Yorkshire Pudding posted about a family heirloom yesterday, a silver cigarette case presented to his mum when she married in Delhi in 1945.
It is a link to his past that he clearly cherishes and like many of us, he worries that it might end up in a charity shop or on Flog It! when he’s gone because the memories mean little or nothing to those who inherit it. Read more ›››
Yorkshire Pudding kindly posted some photos of the red squirrels he saw on his recent trip to Formby as I’d asked him to and I can appreciate the problems he must have had in getting one of the critters to stay still long enough to pose.
I much prefer this native rodent to its incomer cousin, the grey squirrel, which infest our garden and steal the bird food. Read more ›››
It’s a face that only a mother could love, or if like me you’re a Man United fan who saw him play, or better still an England fan on that Saturday of 31st July 1966 when he became immortal.
For the uninitiated, I should explain that the toothless wonder on the left is Nobby Stiles who these days they’d call a ‘holding midfielder’, loosely translated a player who kicks other players and keeps the passes simple. Read more ›››
‘Ils pensent qu’il a terminé – il a maintenant.’ I’m fairly confident these were not the words used by the French Kenneth Wolstenholme as Geoff Hurst scored the fourth goal in England’s 1966 victory in the World Cup final, but I like to think they were.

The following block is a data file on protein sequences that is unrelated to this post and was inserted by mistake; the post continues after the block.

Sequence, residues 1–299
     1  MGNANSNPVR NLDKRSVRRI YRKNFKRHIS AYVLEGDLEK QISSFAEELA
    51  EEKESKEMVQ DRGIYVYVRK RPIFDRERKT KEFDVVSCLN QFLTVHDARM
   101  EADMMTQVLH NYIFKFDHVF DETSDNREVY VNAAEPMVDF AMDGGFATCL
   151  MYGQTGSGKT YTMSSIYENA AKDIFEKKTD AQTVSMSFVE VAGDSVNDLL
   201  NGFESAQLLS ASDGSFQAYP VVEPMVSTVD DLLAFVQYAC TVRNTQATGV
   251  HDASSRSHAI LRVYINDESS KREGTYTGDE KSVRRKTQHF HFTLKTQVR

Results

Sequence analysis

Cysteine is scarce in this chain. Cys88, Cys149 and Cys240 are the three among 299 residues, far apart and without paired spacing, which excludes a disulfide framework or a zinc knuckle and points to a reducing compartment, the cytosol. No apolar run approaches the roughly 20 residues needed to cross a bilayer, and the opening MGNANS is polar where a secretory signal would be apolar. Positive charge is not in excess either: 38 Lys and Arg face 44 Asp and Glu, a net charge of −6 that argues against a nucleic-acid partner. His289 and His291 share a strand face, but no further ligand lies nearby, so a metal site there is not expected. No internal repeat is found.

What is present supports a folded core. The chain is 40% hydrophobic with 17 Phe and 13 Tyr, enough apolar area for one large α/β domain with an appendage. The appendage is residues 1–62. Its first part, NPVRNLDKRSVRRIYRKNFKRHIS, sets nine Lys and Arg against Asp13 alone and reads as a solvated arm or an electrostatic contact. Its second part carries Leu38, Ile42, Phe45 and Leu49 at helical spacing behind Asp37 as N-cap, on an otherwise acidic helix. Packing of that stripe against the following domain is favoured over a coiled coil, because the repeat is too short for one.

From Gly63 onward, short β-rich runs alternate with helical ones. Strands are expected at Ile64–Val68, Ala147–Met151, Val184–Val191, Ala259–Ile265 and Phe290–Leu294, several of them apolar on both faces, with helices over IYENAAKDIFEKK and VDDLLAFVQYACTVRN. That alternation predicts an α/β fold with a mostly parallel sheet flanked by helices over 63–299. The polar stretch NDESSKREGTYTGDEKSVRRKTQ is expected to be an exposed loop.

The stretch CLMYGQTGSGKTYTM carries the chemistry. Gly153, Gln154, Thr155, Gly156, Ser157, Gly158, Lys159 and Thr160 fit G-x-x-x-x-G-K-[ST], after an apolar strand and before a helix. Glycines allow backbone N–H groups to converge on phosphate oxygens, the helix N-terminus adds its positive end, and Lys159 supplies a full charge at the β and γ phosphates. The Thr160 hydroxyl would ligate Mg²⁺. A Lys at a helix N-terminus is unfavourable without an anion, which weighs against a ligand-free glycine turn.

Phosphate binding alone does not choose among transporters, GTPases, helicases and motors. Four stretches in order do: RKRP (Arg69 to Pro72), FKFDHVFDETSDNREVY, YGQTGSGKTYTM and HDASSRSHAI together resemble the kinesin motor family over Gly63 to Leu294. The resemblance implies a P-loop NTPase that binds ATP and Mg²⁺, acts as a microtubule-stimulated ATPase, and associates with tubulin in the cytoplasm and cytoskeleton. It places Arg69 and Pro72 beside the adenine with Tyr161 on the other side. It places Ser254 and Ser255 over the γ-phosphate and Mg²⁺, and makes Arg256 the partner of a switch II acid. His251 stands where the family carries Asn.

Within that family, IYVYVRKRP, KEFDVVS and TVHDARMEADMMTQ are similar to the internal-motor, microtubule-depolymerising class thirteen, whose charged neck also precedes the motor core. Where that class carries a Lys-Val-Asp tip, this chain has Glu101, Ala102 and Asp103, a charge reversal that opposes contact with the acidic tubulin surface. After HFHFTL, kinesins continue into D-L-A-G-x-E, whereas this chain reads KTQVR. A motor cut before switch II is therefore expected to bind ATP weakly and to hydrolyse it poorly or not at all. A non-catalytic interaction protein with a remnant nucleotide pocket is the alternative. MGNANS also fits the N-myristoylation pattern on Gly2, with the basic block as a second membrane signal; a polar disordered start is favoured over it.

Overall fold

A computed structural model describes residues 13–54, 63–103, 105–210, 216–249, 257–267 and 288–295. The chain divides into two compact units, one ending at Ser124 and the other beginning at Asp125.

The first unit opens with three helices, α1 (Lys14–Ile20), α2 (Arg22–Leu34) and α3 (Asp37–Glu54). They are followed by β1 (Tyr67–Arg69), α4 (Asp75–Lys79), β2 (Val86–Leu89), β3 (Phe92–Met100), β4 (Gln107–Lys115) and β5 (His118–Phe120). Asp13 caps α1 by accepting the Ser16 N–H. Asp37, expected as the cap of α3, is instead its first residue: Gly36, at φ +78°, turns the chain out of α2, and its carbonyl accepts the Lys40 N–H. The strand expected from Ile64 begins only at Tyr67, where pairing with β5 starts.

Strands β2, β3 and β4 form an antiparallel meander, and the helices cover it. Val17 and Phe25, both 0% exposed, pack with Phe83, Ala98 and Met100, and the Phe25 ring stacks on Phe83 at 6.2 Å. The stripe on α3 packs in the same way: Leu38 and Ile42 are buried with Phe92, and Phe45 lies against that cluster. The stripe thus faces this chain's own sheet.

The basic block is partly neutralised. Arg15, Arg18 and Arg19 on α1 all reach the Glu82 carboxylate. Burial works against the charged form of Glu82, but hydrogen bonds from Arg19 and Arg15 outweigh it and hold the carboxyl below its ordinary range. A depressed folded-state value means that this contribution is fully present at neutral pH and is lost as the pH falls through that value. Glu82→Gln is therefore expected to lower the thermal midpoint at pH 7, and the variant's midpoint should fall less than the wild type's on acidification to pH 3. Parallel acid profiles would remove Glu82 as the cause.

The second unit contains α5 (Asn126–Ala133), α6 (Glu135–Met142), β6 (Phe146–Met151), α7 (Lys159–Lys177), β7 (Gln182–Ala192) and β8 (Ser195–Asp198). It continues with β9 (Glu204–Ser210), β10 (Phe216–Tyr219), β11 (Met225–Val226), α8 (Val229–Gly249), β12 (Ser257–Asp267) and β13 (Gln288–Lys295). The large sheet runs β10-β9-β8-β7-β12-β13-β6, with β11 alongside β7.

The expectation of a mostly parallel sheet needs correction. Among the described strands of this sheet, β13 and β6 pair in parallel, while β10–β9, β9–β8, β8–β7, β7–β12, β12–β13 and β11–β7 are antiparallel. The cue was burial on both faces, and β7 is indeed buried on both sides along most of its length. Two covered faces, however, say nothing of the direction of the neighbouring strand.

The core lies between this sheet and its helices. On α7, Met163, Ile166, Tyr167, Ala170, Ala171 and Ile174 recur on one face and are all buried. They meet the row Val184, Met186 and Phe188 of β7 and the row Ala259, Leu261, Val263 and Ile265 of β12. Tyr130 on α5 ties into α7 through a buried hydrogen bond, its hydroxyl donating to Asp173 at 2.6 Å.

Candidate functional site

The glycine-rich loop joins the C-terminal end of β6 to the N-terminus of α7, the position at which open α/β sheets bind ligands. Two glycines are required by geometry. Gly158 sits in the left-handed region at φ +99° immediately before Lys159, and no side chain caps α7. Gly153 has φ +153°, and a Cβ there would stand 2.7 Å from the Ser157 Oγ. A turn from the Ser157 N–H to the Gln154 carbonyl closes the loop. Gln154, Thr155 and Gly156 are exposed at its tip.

It’s rather scary to be part of history rather than a student, even if it was only as a spectator, but as the country looks back at 1966 and all that, I figured I should add my own recollections. Read more ›››
Having written about one of the favourite soft drinks of my childhood the other day, I was reminded of the Vimto Book for Scholars, subtitled Knowledge is Power, that was a prized possession when I was young.
I had several copies over the years, but can’t recall how you went about getting one – I think they were simply given away in the local sweet shop every now and then. Read more ›››
There doesn’t seem to be a week that goes by without an anniversary of some sort to remind me of just how old I’m getting. And here’s another. Fifty years ago today saw Till Death Us Do Part air on the BBC for the first time.
Actually, that’s not strictly true. The characters first appeared in the Comedy Playhouse pilot Till Death… in 1965, but let’s not quibble. Read more ›››
Bruce Springsteen was supposed to be playing to 60,000 people at the Etihad Stadium last night. I say ‘supposed to’ because quite a few missed the show because the city was in a lock down of total traffic chaos.
It was caused by a combination of bad timing – the show started at 6:30pm, coinciding neatly with rush hour – and five idiot drivers who either managed to drive into one of the city’s trams or get their cars stuck on the tracks. I’m guessing people who were unfamiliar with the city. Read more ›››
Smell of the week: For the librarian in your life, perfumier Christopher Brosius brings you In the Library, a scent that promise ‘a whisper of the frayed cloth and the wisp of wood polish from the shelves’.
Alternatively, you could try Dead Writers which ‘evokes the feeling of sitting in an old library chair paging through yellowed copies of Hemingway, Shakespeare, Fitzgerald and Poe’. Read more ›››